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Improving designs in motors with multiple windings: Concentric or a conventional half-slot lap winding will help

Publication date: 
July 2012
Chuck Yung, EASA Senior Technical Support Specialist
Type of media: 

One of the pleasures of helping EASA members is in discovering challenges or specific areas where we can improve on the original design of the motor manufacturer. The most recent of these, for me, has been a noticeable cluster of calls about motors with multiple windings. The call usually starts with something like this: "We wound this motor, and one speed was terribly burned." Another one I often hear is: "We rewound both speeds, and the surge test pattern for one speed indicates a winding problem." These are but a couple of examples of a design issue we are seeing with motors having more than one winding. While the use of variable-frequency drives (VFDs) is increasingly common, there are still applications using 2-speed, 2-winding motors. Cranes are a good example of one such application. When a core has more than one winding, the two windings behave as a transformer. Applying voltage to either winding induces voltage in the other winding because the two windings are inductively coupled. As long as both windings are connected 1 wye, and the leads of the second winding are left open, no magnetizing current is drawn by the second winding. When both windings are conventional and symmetrical, this arrangement works just fine. The problems start when either winding deviates from the symmetry that is so important to 3-phase motor performance. Topics covered include:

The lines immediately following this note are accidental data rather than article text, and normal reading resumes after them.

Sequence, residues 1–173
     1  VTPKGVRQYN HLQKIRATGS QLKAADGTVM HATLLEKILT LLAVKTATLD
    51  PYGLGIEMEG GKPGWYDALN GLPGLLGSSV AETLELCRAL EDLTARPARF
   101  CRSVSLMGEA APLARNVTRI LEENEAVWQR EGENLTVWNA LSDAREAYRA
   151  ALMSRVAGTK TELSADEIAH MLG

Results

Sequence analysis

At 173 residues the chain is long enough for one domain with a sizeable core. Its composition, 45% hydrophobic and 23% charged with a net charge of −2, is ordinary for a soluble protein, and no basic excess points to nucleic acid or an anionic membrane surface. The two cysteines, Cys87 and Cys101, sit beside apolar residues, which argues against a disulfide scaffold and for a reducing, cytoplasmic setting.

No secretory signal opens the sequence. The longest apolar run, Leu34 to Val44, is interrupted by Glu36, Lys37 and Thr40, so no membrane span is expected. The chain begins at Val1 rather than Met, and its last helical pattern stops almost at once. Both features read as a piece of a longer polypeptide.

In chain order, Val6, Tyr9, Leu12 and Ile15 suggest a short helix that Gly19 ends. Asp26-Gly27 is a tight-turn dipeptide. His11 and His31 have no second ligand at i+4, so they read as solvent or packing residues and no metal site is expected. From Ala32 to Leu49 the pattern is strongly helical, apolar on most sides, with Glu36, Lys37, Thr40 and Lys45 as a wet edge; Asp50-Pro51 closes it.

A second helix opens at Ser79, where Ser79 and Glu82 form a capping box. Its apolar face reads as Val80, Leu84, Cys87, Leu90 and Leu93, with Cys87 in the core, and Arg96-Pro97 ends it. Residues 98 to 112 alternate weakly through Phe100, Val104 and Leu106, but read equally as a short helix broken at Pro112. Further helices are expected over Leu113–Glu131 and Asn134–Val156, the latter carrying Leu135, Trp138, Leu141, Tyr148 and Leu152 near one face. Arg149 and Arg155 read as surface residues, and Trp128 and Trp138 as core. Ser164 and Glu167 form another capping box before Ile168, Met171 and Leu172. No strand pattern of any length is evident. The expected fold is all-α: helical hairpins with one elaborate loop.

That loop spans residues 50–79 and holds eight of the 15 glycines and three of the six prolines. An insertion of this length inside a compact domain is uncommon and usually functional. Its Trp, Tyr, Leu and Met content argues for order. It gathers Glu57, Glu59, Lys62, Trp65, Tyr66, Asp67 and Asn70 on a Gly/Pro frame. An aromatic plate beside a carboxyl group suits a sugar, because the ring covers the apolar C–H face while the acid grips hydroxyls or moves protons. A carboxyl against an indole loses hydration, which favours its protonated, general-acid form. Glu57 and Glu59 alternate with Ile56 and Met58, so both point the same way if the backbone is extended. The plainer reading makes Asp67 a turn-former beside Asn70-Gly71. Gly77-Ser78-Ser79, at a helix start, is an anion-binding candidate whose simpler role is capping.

• Transformer effect
  • Visualizing the current flow
  • Parallel circuits